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8"x10" image printed on 8.5"x11" glossy hp photo paper with hp ink on an hp photosmart 8450. This printer/ink uses actual gray ink rather than approximating with a mix of colors. The result is absolutely true black & white images with no color bias. Original print, signed by artist (or request no sig.). Available in sepia or black & white; specify which in your order notes. Other sizes available upon request.
Image is of saguaro cactus and palo verde tree intertwined in Queen Valley, Arizona.
Also available (and pictured): 2 other prints from series. See artist's notes below.
**This listing is for 1 print only of the first image listed. If you would like one of the others, please note which on the order. If you would like all three, contact us for a new listing for your purchase ($30 for all three prints).
Image(s) may not be copied, printed, or reproduced without artist's consent.
From the artist:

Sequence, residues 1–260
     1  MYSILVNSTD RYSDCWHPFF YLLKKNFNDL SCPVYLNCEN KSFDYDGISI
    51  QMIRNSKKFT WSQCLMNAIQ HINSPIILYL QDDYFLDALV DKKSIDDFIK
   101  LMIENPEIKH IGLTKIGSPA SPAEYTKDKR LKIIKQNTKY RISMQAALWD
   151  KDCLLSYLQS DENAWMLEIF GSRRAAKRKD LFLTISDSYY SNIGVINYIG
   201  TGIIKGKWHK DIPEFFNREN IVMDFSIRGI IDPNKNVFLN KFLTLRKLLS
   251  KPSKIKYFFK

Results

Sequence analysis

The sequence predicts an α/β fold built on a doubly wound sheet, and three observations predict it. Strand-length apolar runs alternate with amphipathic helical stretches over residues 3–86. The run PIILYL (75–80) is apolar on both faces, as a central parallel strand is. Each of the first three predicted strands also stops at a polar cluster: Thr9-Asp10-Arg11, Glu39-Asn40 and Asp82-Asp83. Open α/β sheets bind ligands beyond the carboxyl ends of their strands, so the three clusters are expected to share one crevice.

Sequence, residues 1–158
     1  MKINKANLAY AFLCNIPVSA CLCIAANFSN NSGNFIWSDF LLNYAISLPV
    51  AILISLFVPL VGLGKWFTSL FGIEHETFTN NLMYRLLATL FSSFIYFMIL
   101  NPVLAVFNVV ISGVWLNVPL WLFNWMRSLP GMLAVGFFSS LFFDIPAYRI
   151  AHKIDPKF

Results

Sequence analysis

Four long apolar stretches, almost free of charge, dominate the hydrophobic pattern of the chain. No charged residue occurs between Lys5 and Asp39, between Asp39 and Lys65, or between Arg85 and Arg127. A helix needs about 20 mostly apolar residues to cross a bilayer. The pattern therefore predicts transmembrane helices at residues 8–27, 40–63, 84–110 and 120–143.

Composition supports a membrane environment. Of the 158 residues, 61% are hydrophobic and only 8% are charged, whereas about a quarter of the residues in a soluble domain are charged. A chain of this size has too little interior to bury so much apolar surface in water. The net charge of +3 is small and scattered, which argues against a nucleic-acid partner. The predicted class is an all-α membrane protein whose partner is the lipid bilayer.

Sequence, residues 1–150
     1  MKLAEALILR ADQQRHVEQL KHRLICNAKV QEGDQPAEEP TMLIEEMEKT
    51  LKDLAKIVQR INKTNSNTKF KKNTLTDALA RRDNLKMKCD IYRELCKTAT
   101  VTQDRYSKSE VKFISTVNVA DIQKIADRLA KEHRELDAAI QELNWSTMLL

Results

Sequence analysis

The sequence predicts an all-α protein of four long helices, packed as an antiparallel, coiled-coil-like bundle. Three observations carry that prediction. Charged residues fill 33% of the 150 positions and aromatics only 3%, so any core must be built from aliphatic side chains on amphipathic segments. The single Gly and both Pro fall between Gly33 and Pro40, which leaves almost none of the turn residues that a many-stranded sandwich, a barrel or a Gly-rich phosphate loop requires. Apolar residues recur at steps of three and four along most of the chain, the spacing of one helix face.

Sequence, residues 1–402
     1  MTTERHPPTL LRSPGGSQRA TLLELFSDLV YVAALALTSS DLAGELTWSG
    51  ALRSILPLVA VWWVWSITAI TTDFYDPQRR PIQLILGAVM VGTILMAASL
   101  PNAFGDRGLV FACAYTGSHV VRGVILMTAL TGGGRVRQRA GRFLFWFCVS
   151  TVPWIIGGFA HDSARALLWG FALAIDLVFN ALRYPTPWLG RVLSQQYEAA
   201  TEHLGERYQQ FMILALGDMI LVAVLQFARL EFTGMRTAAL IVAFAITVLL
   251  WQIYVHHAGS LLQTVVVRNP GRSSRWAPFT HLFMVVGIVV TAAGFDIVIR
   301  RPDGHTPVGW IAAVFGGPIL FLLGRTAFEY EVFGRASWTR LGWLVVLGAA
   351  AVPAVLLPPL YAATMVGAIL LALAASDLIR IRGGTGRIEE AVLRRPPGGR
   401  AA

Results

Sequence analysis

I took these images on Thanksgiving Day in 2004. My extended family did an unconventional celebration that year. We took the entire dinner out to the desert where our dirtbikes and quads could be the after-dinner entertainment. We had a blast! Next to our site was this large palo verde tree with cacti growing up through it. I couldn't take my eyes off it! It was the combination of textures that really struck me, and doing the prints in b&w or sepia really lets the textures take center stage. The first image posted here is my favorite of the three. The closeup of the cactus with its smooth skin, scars, and spines has an other-worldly feel to it. From those textures in the bottom left-hand corner you are immediately pulled into the image as your eye runs up the cactus and into the tree in the center right, then you are thrust up & left into spreading the branches. I just love how that cactus pulls you right in so you experience all the different elements and textures. In my grouping, this image hangs on the left. On the right is the third image listed here. It is actually taken from the same spot as the first, just a different camera orientation. It includes many of the same textures and elements of the first, but in a different order and composition. This image has a tree branch running across the bottom third that acts almost like a velvet rope keeping you out of the image. You are an observer here, unlike the first image. But the composition of this one balances the first image extremely well. I've place the landscape image between them, which tells 'the rest of the story' you might say. It takes a step back and gives the 'big picture' to explain what's happening in the others.